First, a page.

Speaker:
Marcelo Aguiar
Title updated:
Products of symmetric functions
Abstract updated:
We introduce a product on the space of symmetric
functions that interpolates between the classical "internal"
and "external" products (which are constructed in terms of tensor
products and induction of representations).
We call it the "Heisenberg" product.
The Heisenberg product exists as well on the space of noncommutative
symmetric functions. At this level it interpolates between Solomon's
product (the "descent algebra") and the usual product of noncommutative
symmetric functions (as defined by Thibon et al).
The Heisenberg product of symmetric functions is best understood
in terms of "species". On the space of noncommutative symmetric functions
and on certain larger spaces, the product is best understood
in terms of certain Hopf algebraic constructions.
We will discuss these algebraic notions and the combinatorics underlying it.
This is joint work with Walter Ferrer and Walter Moreira.

Speaker:
Maria Axenovich
Title:
Induced subgraphs: avoiding, reconstructing, coloring
Abstract:
For a graph G=(V, E), graph G'=(V', E') is an induced subgraph of G if
V' \subseteq V, and for any x,y \in V', {x,y} \in E' iff {x,y} \in E.
In other words, a G' is an induced subgraph of G if it can be obtained
from G by vertex deletions.
The study of induced subgraphs not only continues being a very challenging and exciting area of extremal graph theory, but also becomes very attractive for applications such as ones in biological networks. In particular, compared to ordinary subgraphs, induced subgraph carry information not only about existing connections but also about missing connections between the nodes of the network.
In this talk I will address several problems and new results in the following areas:
 Avoiding fixed induced subgraph via edgedeletions and edgeadditions, i.e., socalled graph editing.
 Identifying graph structure from the limited information on induced subgraphs  topic closely
related to graph reconstruction.
 Unavoidable induced subgraphs in graph partitions, i.e. Ramsey and antiRamsey problems.

Speaker:
Patricia Hersh
Title:
Regular cell complexes in total positivity
Abstract:
We give a new criterion for determining whether a finite CW
complex is regular. This involves both combinatorial conditions on the
closure poset and also topological conditions on the codimension one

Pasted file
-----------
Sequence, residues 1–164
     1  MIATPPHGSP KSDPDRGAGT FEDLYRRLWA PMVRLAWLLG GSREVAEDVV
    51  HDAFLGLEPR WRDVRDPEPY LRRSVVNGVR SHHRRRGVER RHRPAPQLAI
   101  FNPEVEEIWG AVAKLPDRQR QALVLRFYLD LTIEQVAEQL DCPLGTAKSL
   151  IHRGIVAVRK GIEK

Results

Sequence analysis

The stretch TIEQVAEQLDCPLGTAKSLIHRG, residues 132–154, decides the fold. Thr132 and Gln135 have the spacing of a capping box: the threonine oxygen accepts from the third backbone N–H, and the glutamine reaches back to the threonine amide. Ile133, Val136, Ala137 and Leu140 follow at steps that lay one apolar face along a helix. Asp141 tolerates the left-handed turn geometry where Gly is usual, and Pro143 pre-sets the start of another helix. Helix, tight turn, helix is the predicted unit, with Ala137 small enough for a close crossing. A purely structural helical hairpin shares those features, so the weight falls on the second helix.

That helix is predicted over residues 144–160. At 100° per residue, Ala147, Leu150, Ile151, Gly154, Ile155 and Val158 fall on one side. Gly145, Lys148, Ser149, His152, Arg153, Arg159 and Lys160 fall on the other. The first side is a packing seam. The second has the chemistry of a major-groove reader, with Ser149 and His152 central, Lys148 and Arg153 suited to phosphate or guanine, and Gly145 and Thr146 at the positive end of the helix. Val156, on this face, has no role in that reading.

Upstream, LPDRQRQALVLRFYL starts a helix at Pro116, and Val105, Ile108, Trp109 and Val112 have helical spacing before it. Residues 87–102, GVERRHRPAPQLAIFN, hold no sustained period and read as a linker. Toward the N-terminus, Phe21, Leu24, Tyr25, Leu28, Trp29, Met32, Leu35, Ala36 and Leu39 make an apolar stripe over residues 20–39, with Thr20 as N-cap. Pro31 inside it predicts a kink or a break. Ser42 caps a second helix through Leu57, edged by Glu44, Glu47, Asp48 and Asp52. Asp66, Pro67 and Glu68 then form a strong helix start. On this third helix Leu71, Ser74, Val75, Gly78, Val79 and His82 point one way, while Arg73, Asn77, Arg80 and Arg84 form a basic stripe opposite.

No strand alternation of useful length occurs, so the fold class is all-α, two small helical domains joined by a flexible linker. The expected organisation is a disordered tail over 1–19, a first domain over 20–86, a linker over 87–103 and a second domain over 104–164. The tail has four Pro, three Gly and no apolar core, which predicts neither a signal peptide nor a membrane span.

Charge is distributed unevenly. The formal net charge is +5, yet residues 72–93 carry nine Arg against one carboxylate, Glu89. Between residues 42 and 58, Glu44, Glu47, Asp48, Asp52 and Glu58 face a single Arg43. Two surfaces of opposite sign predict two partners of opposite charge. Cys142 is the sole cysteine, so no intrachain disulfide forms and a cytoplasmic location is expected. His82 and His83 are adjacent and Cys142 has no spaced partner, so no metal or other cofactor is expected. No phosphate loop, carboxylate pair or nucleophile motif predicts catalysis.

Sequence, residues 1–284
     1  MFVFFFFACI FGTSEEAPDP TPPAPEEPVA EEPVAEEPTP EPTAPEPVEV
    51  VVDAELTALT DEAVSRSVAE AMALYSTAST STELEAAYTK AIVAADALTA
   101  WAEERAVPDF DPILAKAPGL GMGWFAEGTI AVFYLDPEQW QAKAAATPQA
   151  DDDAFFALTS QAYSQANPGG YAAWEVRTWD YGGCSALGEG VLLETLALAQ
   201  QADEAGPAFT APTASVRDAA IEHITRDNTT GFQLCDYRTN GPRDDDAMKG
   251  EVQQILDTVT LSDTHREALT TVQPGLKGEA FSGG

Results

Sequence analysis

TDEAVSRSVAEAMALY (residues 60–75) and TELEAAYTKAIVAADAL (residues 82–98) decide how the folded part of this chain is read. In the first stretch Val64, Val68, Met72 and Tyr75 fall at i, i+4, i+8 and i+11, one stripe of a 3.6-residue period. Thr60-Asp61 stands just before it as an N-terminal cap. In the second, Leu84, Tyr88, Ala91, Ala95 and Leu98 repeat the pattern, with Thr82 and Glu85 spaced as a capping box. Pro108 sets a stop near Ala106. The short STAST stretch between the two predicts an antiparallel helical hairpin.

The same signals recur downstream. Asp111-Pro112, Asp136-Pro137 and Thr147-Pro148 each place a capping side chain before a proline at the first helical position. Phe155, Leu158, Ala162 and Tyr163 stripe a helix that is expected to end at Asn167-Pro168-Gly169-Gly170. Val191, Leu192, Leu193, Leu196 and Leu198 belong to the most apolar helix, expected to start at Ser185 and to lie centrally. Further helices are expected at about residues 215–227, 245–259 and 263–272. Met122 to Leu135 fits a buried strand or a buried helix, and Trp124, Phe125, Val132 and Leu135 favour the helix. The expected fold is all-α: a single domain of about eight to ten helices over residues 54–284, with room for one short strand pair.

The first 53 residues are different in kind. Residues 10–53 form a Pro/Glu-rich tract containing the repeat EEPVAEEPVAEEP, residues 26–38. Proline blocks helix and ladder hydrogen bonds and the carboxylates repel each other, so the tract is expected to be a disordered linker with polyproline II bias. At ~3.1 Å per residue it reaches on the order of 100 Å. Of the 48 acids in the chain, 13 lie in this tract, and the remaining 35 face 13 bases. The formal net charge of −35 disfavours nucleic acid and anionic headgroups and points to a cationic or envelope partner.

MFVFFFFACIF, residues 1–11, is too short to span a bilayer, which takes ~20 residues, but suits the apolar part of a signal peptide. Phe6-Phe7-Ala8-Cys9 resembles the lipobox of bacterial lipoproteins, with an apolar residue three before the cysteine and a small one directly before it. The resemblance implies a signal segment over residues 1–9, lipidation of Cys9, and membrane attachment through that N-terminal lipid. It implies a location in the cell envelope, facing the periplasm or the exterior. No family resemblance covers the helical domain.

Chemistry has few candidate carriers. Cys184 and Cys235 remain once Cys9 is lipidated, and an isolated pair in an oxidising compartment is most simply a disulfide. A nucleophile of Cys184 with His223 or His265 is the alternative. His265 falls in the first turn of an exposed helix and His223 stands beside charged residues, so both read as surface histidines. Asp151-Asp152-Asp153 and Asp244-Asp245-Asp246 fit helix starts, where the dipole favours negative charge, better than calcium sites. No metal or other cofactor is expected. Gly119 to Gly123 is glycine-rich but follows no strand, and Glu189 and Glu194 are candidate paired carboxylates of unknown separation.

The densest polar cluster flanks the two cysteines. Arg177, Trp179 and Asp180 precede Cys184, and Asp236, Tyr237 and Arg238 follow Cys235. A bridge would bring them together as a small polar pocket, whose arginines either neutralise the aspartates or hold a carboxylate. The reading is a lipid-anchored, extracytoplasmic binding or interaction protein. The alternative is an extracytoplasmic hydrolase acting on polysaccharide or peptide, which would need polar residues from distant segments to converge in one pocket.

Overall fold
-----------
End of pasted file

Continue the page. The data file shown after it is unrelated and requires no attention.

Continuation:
cell incidences. We will also discuss how this applies to a conjecture
of Fomin and Shapiro that certain stratified totally nonnegative spaces
with the Bruhat intervals as their closure posets are regular CW
complexes. We will not assume familiarity with CW complexes.

Speaker:
Nathan Reading
Title:
Cluster algebras and infinite associahedra
Abstract:
Cluster algebras of finite type are relatively well understood. Each has as its combinatorial foundation a simplicial polytope known as a generalized associahedron. (A special case is the usual associahedron, whose vertices are triangulations of a convex polygon, with edges corresponding to diagonal flips.) The generalized associahedra are described combinatorially in terms of clusters of roots in a finite root system. Recently David Speyer and I gave another construction of cluster complexes as simplicial fans which coarsen the fan cut out by the reflecting hyperplanes of a finite Coxeter group W. This construction is deeply rooted in the combinatorics of W (in the form of "sortable elements") and in the lattice theory of the weak order on W (in the form of "Cambrian lattices").
In this talk, I will review the finitetype results, then discuss joint work in progress with David Speyer to move beyond finite type. The combinatorics and geometry of sortable elements in an infinite Coxeter group reveal a tantalizing glimpse of "infinite associahedra." Specifically, we construct fans (conjecturally) isomorphic to subfans of cluster complexes of infinite type. I will also discuss connections to noncrossing partitions.
I will assume no prior knowledge of Coxeter groups, cluster algebras, associahedra or noncrossing partitions.

Speaker:
Anne Shepler
Title:
Reflection Groups and Invariant Theory in Nonzero Characteristic
Abstract:
The classical theory of reflection groups over the real and complex
numbers began with geometric investigations. Coxeter, Chevalley,
Shephard and Todd, and Solomon (among others) showed that
these groups enjoy a unique and captivating invariant theory by
interpretating their geometry. What happens when we work over finite
fields, or fields of nonzero characteristic in general? Classical
results fail and the role played by the geometry of roots and reflecting
hyperplanes becomes perplexing. We discuss how geometry interacts with
invariant theory in the modular setting.

Speaker:
Lauren Williams
Title:
Permutation tableaux in geometry, statistical physics, and
combinatorial Hopf algebras
Abstract:
We will explain how the combinatorics of permutation tableaux
appears in three seemingly different settings. Permutation tableaux are a
distinguished subset of Alex Postnikov's "Lediagrams," which index cells
in the totally nonnegative part of the Grassmannian. In joint work with
Sylvie Corteel, we have shown that one can compute the steady state
probability of each state in the asymmetric exclusion process (a model
from statistical physics involving particles hopping on a onedimensional
lattice) by counting permutation tableaux according to certain statistics.
And in joint work with JeanChristophe Novelli and JeanYves Thibon, we
have introduced some new noncommutative HallLittlewood polynomials: when
we express them in terms of a certain basis, we see these same steady
state probabilities appearing in the transition matrix.